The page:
My grandfather was 66 years-old when I was born. I was at his bedside when he died 30 years later. The years between my birth and his death were magical years for me. His influence in my life was significant, to be sure.
My grandfather and I spent a lot of time together. And he told me stories, lots of them. He loved to read and he understood how to use stories to whip up bowls full of childhood curiosity. I couldn’t get enough.
As I got older he gave me books, lots of them. Books bulging with stories that begged to be read at a time when television was beginning to bewitch children. Books that introduced me to wonderful characters like Androcles and the Lion, Alice in Wonderland, Gulliver, and others who lived in times and worlds beyond my own.
Perhaps best of all were the stories he shared from his own childhood. By the time I came along he had already lived an amazing life.
Felipe Garcia was born in 1893 on a ranch in Duval County. He worked as a cowhand on the George West Ranch, attended business college in San Antonio, and became a real estate developer.
He sold a car to Pancho Villa, played a key role in recruiting Hispanics to serve in the First World War, and started the first Hispanic Boy Scout Troop in Duval and Hidalgo counties. He served on the Mission city council and in his later years was recognized as the longest and oldest serving city commissioner in Texas.
There is so much more to tell, but I will do that a bit at a time as I begin a journey to blog about his story.
I recently started reading through his personal journal, two notebooks bulging with single-spaced lines hammered on to the pages in uneven Courier font using two index fingers on the lettered stems of his Royal typewriter.
I was delighted to read one of the stories he had shared with me more than once when I was a kid — the 1910 appearance of Halley’s Comet. This is the story in his own words:
Ranch after ranch, men, women and children were very much upset about Halley’s Comet being so clearly visible for several nights in a row. The fantastic stories about what was going to happen when its tail would hit the earth. All these scenes took place, and one could observe how many of these simple folk would re-act. To think about the earth being destroyed was no fun at all.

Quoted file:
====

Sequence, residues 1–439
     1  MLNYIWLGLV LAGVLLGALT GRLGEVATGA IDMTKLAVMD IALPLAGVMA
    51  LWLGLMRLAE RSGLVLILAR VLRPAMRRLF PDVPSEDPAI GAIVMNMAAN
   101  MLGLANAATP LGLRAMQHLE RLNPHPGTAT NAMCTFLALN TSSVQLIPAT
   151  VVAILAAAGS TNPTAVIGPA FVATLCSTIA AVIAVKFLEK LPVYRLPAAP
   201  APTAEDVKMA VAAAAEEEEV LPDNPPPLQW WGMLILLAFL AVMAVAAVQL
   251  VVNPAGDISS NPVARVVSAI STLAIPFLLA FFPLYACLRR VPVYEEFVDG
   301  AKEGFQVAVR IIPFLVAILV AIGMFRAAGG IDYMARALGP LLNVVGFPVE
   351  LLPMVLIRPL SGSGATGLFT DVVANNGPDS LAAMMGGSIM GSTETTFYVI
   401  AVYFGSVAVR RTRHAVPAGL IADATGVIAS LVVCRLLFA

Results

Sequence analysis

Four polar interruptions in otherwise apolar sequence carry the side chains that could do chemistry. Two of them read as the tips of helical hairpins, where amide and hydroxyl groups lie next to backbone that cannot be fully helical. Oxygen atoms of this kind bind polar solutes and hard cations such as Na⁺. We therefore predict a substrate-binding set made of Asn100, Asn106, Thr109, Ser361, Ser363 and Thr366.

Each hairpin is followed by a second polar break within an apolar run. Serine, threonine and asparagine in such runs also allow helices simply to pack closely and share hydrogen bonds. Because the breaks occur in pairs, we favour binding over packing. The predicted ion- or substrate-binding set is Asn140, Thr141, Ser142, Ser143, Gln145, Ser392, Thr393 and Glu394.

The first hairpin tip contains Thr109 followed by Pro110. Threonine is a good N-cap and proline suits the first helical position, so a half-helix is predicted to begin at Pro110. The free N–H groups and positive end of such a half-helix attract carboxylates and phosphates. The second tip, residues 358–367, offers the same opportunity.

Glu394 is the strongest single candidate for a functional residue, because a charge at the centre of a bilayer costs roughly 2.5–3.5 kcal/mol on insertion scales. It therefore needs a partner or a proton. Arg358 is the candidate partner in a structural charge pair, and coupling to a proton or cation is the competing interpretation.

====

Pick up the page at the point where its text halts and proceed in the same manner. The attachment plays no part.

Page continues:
I remember that the night the comet was supposed to strike the earth several of us boys made our beds in a wagon that we may be able to see what was going to happen. That early morning was supposed to be the time that the comet would hit the ground. We were a disappointed group, we did see its tail probably bigger than before but this lasted only a short time, as the sky began to darken with gulf clouds which obliterated the scene. So this year of 1910 was not the end of the world.
It was also the general conversation among old pioneer residents that there would be a time that the earth would be destroyed because people were beginning to fly contrary to the wishes of Almighty God.
Whatever the anguish, anxiety and suspense Halley’s Comet bought to this area’s inhabitants, the news of its failure to destroy the earth was accepted calmly and reverently. I was glad that the suspense had ended to our favor.
Halley’s Comet makes its rounds about every 75 years or so. When my grandfather was a teenager, the comet streaked across the night skies in April 1910. This was also the first time in human history that the comet was photographed.
Interestingly, a French astronomer named Camille Flammarion claimed that gas from the tail of the comet “would impregnate the atmosphere and possibly snuff out all life on the planet.” That claim went viral and so, even in rural Duval County, folks believed that the appearance of the comet spelled the end of the world.
Like my grandfather and his friends, I am glad that the world is still here. And like the pioneer residents of Duval County, it would be wise to not behave in ways contrary to the wishes of God.
More stories from my grandfather’s journal to come. Stay tuned.